Cisco Denies China Censorship Complicity
WASHINGTON-Cisco Systems has strongly denied that it cooperates with the Chinese government in censoring Falun Gong or other dissident groups. The accusations arose from a 6-year-old sales document produced by Cisco that refers to the Chinese government's efforts to quash the religious movement.
At the time, Cisco was approaching the Chinese government in hopes of selling network gear to the regime's Golden Shield project, which aims to suppress Internet expression by "Falong Gong and other hostile elements." The document was the key evidence introduced May 20 here at a Senate Judiciary Committee hearing on U.S. Internet companies' dealings with repressive governments.
According to the 90-page PowerPoint presentation, Cisco followed a slide about the Chinese government's efforts to suppress Falun Gong and "other hostile elements" with a slide stating, "Cisco Opportunity: High start-point planning, High standard construction, Technical training, Security and operation maintenance."
"The ... areas of potential assistance appear to flatly rebut Cisco's repeated and self-serving claims it has merely sold routers and other equipment to China's security services," Shiyu Zhou, deputy director of the Global Internet Freedom Consortium, told lawmakers.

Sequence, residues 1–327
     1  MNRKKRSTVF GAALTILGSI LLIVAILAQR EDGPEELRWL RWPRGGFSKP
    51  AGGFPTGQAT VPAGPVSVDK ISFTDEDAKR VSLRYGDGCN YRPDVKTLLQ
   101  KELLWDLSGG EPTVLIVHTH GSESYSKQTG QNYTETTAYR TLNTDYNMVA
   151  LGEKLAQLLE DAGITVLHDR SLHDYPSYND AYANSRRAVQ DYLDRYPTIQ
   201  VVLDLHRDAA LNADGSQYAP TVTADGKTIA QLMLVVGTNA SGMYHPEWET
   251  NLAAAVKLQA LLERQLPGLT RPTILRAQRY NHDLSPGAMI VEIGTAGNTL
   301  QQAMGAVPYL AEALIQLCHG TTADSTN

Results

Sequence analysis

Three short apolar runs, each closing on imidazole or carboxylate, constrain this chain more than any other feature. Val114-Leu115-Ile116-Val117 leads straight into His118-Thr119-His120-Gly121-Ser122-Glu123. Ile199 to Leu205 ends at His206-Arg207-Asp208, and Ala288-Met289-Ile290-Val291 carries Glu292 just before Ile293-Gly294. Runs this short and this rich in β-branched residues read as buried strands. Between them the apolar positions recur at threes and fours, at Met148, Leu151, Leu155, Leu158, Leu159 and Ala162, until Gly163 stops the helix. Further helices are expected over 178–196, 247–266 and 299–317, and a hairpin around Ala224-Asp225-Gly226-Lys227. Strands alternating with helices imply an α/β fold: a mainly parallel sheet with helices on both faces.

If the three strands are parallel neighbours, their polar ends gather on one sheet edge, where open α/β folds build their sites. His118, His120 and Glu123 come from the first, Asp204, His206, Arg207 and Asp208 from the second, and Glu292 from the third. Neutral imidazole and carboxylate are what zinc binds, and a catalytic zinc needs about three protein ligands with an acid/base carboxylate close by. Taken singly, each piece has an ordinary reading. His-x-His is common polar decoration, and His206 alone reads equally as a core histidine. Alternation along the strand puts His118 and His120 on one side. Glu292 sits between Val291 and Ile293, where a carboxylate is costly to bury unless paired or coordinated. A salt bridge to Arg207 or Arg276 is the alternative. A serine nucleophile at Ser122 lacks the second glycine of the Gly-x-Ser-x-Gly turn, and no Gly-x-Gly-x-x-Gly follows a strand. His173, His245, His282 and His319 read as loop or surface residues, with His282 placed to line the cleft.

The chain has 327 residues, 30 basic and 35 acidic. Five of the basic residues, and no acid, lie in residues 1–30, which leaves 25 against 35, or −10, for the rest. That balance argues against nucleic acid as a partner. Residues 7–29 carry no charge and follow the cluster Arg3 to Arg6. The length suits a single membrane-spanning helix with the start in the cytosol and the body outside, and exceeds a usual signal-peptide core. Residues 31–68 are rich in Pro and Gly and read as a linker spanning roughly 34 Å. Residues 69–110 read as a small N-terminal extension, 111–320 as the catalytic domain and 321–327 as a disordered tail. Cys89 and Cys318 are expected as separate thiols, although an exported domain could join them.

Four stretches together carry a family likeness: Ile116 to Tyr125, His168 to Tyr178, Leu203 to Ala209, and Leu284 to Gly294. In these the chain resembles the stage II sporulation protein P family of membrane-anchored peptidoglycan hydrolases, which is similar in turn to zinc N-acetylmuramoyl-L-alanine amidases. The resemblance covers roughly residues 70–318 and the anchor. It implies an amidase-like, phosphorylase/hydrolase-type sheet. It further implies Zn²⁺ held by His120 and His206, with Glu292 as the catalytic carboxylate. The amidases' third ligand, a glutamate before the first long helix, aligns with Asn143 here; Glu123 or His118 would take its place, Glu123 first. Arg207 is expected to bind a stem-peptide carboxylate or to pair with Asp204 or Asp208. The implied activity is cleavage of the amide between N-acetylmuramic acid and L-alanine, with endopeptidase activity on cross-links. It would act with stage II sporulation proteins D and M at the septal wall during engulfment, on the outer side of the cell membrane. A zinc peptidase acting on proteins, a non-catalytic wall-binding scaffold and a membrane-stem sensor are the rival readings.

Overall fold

Cisco, though, claimed it was all a misunderstanding created by a low-level Cisco Chinese engineer. "I was appalled when I saw the line in the slide, and I'm very disappointed to see it," said Cisco Senior Vice President Mark Chandler.
A Cisco fact sheet distributed to the media claims the PowerPoint presentation does "not represent Cisco's views, principles, or its sales and marketing strategy or approach."
Chandler said the presentation merely listed the Chinese government's goals.
He added, "Cisco ... has not and does not design products to accommodate political censorship. The tools built into our products that enable site filtering are the same the world over, whether sold to governments, companies or network operators. The features in our equipment are 'off the shelf' and not altered in any way for any market or region."
Yahoo, Google share the hot seat
Also testifying before the committee were Yahoo and Google, which have also drawn concerned attention over their dealings with the Chinese government. In 2007, Yahoo raised the ire of congressional investigators for its role in disclosing the name of Chinese dissident Shi Tao to the government. Tao is now serving a 10-year prison sentence.
Google has been criticized for cooperating with the Chinese government in censoring certain search terms on the company's Google.cn search engine.
Chandler said Cisco's operations in China were different from Yahoo's and Google's.
"Cisco is not a service or content provider, nor are we a network manager," he said. "Cisco does not customize, or develop specialized or unique filtering capabilities, in order to enable different regimes to block access to information."